October 28, 2011
By Bob Tita
Of DOW JONES NEWSWIRES
Whirlpool Corp. (WHR) plans to eliminate more than 5,000 jobs and close an Arkansas plant in response to weakening demand for household appliances.
The world's largest appliance maker by sales slashed its earnings outlook for 2011, as its third-quarter earnings fell short of analysts' expectations. As a result, investors abandoned Whirlpool's stock, which was recently down 11.9% at $53.27 a share.
Whirlpool, whose brands include Amana, KitchenAid and Maytag, has struggled to increase U.S. sales and profit against persistently high unemployment, tight credit conditions and falling real estate values that have left consumers reluctant to make investments in their homes.
Whirlpool characterized the U.S. appliance market as driven largely by consumers replacing worn out appliances, rather than discretionary purchases of washers, refrigerators and dishwashers. Rising costs for materials and intense competition from upstart U.S. competitors have added to Whirlpool's profit misery.
Strong international sales growth, particularly in Brazil, has helped offset some of the weakness in Whirlpool's domestic business in recent years. But the company acknowledged Friday that the uncertain economic climate worldwide and higher costs are now taking a toll on Whirlpool's overseas operations, prompting its aggressive cost and capacity reductions.
"Weak demand levels and high inflation [for materials] typically don't go together, but that's the way it's been," said Chairman and Chief Executive Jeff M. Fettig during a conference call Friday with analysts. "We are taking necessary actions to address a much more challenging global economic environment."
The more than 5,000 positions Whirlpool plans to eliminate represent about a 10% cut in its work force in North America and Europe. Whirlpool intends to close its Fort Smith, Ark., plant by the middle of next year and relocate the plant's refrigerator production to other sites. In addition, the company will move dishwasher production from Neunkirchen, Germany, to Poland early next year. The company also intends to trim about 1,200 white-collar positions.
The moves are aimed at eliminating high-cost plants engaged in assembling low-profit appliance models. Whirlpool said the reductions will reduce its production capacity by about 6 million units, or about 10%, saving an estimated $400 million a year by the end of 2013.
"Our No. 1 priority is to expand operating margins,' Fettig said. "We're not particularly interested in selling appliances at a loss."
The new round of expense cuts is Whirlpool's second major production realignment since 2008. The company has closed U.S. plants in Indiana, Mississippi, Tennessee and Michigan in recent years as it consolidated operations in Ohio and Mexico. Whirlpool also revamped its warehouse-distribution network.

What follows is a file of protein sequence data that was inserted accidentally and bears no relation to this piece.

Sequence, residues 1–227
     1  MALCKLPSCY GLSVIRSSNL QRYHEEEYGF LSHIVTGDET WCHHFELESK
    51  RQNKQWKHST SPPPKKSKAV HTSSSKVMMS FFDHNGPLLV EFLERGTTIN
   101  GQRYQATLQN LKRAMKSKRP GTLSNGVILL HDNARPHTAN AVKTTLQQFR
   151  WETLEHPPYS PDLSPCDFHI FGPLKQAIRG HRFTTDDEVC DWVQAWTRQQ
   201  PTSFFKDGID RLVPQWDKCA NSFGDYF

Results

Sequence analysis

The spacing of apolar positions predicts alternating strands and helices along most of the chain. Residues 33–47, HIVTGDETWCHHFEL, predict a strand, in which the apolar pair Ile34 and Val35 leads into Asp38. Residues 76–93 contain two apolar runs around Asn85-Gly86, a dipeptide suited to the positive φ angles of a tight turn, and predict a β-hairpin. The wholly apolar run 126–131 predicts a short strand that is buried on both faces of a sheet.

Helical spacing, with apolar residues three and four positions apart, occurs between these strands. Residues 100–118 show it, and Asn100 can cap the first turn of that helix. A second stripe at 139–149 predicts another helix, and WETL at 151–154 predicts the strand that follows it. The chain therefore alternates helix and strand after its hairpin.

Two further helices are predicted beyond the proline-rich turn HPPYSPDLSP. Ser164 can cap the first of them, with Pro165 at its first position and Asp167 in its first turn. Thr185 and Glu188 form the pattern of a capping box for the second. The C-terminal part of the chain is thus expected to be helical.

The latest restructuring will cost Whirlpool $500 million. The expense will begin showing in the company's fourth quarter results with $280 million of charges coming in 2012 and $115 million in 2013.
Rival appliance maker Electrolux AB (ELUXY, ELUX-B.SK) on Friday cut its demand expectations, citing tough conditions and deteriorating consumer confidence in the U.S. and Europe. The Swedish company reported a drop in third-quarter net profit on higher raw material costs.
"Electrolux has been tangibly affected by the decline in consumer confidence in the mature markets," Chief Executive Keith McLoughlin said.
Whirlpool's margins this year have been under pressure by rising prices for steel, copper, plastic resin and other materials. The company has announced two price increase this year to counter higher material expenses. Fettig described the recent reductions in commodity prices as having a minimal effect on Whirlpool's expenses.
"They've stabilized at a high level," Fettig said about material prices. "They haven't gone down."
The Benton Harbor, Mich., company also has faced intense price competition from South Korean rivals LG Electronics Inc. (066570.SE) and Samsung Electronics Co. (SSNHY, 005930.SE) as they attempt to expand their market shares in the U.S. by offering steep discounts on high-end appliances.
The U.S. Commerce Department on Thursday issued a preliminary determination that found Samsung, LG and other appliance manufacturers sold imported refrigerators in the U.S. at prices below the refrigerators' production costs. The department said anti-dumping fees ranging from 4% to nearly 37% could be imposed on refrigerators with bottom-mounted freezers unless the manufacturers increase their prices. Whirlpool filed a product dumping complaint against the companies earlier this year.
Whirlpool's third-quarter revenue from North America, its largest-selling market, fell 2.3% from a year earlier as operating profit plunged 45.4%. Whirlpool's operating margin from the region shrank to 2.6% from 4.7% a year ago.
Sales increased 6% in Europe, the Middle East and Africa, but the company lost $12 million because of rising material costs and elevated sales of lower-profit appliance models.
In Latin America, which been Whirlpool's best-performing market, sales in the quarter rose 7.6% and operating profit increased 2.9%.
Overall for the quarter, Whirlpool reported a profit of $177 million, or $2.27 a share, up from $79 million, or $1.02, a year earlier. Excluding costs for items such as Embraco compressor antitrust case, earnings rose to $2.35 from $2.22. Sales increased 2.3% to $4.63 billion.
Analysts polled by Thomson Reuters had most recently forecast earnings of $2.68 on revenue of $4.69 billion.
-By Bob Tita, Dow Jones Newswires; 312-750-4129; email@example.com
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